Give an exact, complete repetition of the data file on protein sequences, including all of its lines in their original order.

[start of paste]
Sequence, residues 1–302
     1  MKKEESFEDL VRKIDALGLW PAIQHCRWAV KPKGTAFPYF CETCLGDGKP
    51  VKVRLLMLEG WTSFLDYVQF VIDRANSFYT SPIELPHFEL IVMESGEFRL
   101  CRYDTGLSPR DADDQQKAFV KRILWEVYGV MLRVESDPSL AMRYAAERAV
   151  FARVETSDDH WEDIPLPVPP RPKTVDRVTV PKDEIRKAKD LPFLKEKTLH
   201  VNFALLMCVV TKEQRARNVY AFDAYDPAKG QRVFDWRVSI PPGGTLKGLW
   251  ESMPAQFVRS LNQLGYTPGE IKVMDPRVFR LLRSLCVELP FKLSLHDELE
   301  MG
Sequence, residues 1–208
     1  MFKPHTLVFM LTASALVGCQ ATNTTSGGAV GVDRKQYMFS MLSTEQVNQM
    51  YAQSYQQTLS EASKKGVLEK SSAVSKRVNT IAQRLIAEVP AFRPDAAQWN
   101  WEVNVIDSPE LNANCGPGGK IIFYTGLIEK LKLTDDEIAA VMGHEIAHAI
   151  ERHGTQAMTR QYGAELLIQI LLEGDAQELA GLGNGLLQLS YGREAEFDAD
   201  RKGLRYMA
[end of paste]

Sequence, residues 1–302
     1  MKKEESFEDL VRKIDALGLW PAIQHCRWAV KPKGTAFPYF CETCLGDGKP
    51  VKVRLLMLEG WTSFLDYVQF VIDRANSFYT SPIELPHFEL IVMESGEFRL
   101  CRYDTGLSPR DADDQQKAFV KRILWEVYGV MLRVESDPSL AMRYAAERAV
   151  FARVETSDDH WEDIPLPVPP RPKTVDRVTV PKDEIRKAKD LPFLKEKTLH
   201  VNFALLMCVV TKEQRARNVY AFDAYDPAKG QRVFDWRVSI PPGGTLKGLW
   251  ESMPAQFVRS LNQLGYTPGE IKVMDPRVFR LLRSLCVELP FKLSLHDELE
   301  MG
Sequence, residues 1–208
     1  MFKPHTLVFM LTASALVGCQ ATNTTSGGAV GVDRKQYMFS MLSTEQVNQM
    51  YAQSYQQTLS EASKKGVLEK SSAVSKRVNT IAQRLIAEVP AFRPDAAQWN
   101  WEVNVIDSPE LNANCGPGGK IIFYTGLIEK LKLTDDEIAA VMGHEIAHAI
   151  ERHGTQAMTR QYGAELLIQI LLEGDAQELA GLGNGLLQLS YGREAEFDAD
   201  RKGLRYMA